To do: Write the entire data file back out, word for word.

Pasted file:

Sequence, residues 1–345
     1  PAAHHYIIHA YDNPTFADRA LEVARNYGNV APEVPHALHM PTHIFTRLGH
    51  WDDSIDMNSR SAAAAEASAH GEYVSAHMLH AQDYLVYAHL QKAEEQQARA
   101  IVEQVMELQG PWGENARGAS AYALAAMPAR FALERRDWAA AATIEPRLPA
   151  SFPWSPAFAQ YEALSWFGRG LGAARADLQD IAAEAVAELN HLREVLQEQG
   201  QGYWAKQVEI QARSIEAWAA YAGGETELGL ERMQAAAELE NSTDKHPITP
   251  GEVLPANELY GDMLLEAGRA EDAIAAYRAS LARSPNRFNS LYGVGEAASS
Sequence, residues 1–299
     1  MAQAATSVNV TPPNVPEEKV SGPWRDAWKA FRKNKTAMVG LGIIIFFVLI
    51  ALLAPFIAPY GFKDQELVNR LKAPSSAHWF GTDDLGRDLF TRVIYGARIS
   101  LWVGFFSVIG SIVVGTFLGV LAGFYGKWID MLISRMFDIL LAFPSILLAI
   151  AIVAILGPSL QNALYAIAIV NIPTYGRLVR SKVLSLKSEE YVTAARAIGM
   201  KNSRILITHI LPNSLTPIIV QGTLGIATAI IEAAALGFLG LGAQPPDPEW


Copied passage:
Sequence, residues 1–345
     1  PAAHHYIIHA YDNPTFADRA LEVARNYGNV APEVPHALHM PTHIFTRLGH
    51  WDDSIDMNSR SAAAAEASAH GEYVSAHMLH AQDYLVYAHL QKAEEQQARA
   101  IVEQVMELQG PWGENARGAS AYALAAMPAR FALERRDWAA AATIEPRLPA
   151  SFPWSPAFAQ YEALSWFGRG LGAARADLQD IAAEAVAELN HLREVLQEQG
   201  QGYWAKQVEI QARSIEAWAA YAGGETELGL ERMQAAAELE NSTDKHPITP
   251  GEVLPANELY GDMLLEAGRA EDAIAAYRAS LARSPNRFNS LYGVGEAASS
Sequence, residues 1–299
     1  MAQAATSVNV TPPNVPEEKV SGPWRDAWKA FRKNKTAMVG LGIIIFFVLI
    51  ALLAPFIAPY GFKDQELVNR LKAPSSAHWF GTDDLGRDLF TRVIYGARIS
   101  LWVGFFSVIG SIVVGTFLGV LAGFYGKWID MLISRMFDIL LAFPSILLAI
   151  AIVAILGPSL QNALYAIAIV NIPTYGRLVR SKVLSLKSEE YVTAARAIGM
   201  KNSRILITHI LPNSLTPIIV QGTLGIATAI IEAAALGFLG LGAQPPDPEW